Mitochondrial Apoptosis and FAK Signaling Disruption by a Novel Histone Deacetylase Inhibitor, HTPB, in Antitumor and Antimetastatic Mouse Models

Department of Internal Medicine, Chi Mei Medical Center, Tainan, Taiwan.
PLoS ONE (Impact Factor: 3.23). 01/2012; 7(1):e30240. DOI: 10.1371/journal.pone.0030240
Source: PubMed

ABSTRACT Compound targeting histone deacetylase (HDAC) represents a new era in molecular cancer therapeutics. However, effective HDAC inhibitors for the treatment of solid tumors remain to be developed.
Here, we propose a novel HDAC inhibitor, N-Hydroxy-4-(4-phenylbutyryl-amino) benzamide (HTPB), as a potential chemotherapeutic drug for solid tumors. The HDAC inhibition of HTPB was confirmed using HDAC activity assay. The antiproliferative and anti-migratory mechanisms of HTPB were investigated by cell proliferation, flow cytometry, DNA ladder, caspase activity, Rho activity, F-actin polymerization, and gelatin-zymography for matrix metalloproteinases (MMPs). Mice with tumor xenograft and experimental metastasis model were used to evaluate effects on tumor growth and metastasis. Our results indicated that HTPB was a pan-HDAC inhibitor in suppressing cell viability specifically of lung cancer cells but not of the normal lung cells. Upon HTPB treatment, cell cycle arrest was induced and subsequently led to mitochondria-mediated apoptosis. HTPB disrupted F-actin dynamics via downregulating RhoA activity. Moreover, HTPB inhibited activity of MMP2 and MMP9, reduced integrin-β1/focal adhesion complex formation and decreased pericellular poly-fibronectin assemblies. Finally, intraperitoneal injection or oral administration of HTPB efficiently inhibited A549 xenograft tumor growth in vivo without side effects. HTPB delayed lung metastasis of 4T1 mouse breast cancer cells. Acetylation of histone and non-histone proteins, induction of apoptotic-related proteins and de-phosphorylation of focal adhesion kinase were confirmed in treated mice.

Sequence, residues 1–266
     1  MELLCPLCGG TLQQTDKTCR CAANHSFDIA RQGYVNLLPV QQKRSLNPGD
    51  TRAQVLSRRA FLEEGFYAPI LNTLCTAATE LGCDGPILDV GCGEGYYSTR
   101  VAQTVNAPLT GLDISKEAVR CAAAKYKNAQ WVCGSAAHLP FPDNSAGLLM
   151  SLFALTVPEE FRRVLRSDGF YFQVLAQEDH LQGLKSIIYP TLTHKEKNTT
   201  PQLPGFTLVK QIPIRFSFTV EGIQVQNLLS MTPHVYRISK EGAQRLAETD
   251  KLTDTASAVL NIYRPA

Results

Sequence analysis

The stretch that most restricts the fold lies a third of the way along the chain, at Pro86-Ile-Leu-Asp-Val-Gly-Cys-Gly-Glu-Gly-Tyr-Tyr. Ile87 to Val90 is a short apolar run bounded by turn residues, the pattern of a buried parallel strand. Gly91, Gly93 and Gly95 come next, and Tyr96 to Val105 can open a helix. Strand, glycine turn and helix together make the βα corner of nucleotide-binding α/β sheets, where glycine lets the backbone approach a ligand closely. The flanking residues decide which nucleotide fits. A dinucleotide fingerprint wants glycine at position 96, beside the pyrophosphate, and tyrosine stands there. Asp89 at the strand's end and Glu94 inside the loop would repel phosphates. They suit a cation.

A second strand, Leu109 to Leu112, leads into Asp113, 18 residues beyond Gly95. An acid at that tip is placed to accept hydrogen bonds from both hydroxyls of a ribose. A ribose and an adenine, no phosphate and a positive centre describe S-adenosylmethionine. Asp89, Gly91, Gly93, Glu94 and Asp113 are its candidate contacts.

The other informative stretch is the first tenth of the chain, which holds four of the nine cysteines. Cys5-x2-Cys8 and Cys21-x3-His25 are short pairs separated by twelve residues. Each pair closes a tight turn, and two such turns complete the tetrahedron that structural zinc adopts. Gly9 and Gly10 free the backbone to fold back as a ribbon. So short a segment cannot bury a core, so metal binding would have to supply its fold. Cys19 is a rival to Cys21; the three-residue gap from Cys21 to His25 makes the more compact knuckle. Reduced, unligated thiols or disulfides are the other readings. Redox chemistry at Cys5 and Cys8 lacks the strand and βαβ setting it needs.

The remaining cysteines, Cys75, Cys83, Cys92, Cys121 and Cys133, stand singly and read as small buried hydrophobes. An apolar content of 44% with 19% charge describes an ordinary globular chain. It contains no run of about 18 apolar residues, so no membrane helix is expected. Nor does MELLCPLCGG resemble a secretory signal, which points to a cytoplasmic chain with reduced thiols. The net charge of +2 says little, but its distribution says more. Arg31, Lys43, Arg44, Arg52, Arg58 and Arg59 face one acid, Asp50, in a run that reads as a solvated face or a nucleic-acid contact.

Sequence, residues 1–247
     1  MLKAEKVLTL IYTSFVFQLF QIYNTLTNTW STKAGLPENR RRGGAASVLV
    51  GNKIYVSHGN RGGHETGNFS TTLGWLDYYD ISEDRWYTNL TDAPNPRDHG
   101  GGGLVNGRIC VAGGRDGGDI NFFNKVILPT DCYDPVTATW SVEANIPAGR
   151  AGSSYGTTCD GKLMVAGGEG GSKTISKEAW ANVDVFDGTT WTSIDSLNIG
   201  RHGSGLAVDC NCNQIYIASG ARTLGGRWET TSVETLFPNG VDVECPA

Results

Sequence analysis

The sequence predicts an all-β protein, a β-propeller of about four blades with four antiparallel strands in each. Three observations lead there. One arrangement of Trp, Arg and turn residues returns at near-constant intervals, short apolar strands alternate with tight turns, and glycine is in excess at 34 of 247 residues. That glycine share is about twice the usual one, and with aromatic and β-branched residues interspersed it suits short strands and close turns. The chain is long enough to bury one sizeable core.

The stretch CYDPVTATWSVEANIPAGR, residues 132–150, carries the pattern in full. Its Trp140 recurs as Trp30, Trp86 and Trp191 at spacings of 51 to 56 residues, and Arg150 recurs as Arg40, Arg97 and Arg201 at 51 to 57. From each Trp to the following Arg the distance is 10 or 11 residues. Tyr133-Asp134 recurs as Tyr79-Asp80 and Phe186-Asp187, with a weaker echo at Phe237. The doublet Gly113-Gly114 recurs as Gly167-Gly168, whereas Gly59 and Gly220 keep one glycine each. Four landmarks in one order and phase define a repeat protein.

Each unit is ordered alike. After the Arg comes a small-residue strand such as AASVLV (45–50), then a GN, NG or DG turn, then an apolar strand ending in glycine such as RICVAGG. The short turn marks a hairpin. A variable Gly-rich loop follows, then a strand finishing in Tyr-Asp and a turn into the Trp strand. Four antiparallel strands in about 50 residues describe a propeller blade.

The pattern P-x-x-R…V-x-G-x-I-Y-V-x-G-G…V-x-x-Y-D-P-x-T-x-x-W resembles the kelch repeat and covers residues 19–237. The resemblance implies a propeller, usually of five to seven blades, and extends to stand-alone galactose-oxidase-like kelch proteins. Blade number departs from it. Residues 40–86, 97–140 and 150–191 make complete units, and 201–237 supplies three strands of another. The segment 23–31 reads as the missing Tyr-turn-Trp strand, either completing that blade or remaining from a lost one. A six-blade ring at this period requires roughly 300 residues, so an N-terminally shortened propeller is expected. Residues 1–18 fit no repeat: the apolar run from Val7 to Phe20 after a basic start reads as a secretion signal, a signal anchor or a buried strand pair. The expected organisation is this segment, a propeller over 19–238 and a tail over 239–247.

These results suggested that intrinsic apoptotic pathway may involve in anti-tumor growth effects of HTPB in lung cancer cells. HTPB significantly suppresses tumor metastasis partly through inhibition of integrin-β1/FAK/MMP/RhoA/F-actin pathways. We have provided convincing preclinical evidence that HTPB is a potent HDAC targeted inhibitor and is thus a promising candidate for lung cancer chemotherapy.

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Available from: Hung-Chi Cheng, Sep 28, 2015
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    • "Previous studies have demonstrated that the expression of matrix metalloproteinase-9 (MMP-9) has been associated with a high potential of metastasis in several human carcinomas including breast cancer [13]. Our group has shown that HTPB, a novel HDAC inhibitor, inhibits lung cancer cell migration via reduced activities of MMPs, RhoA, and focal adhesion complex [14]. "
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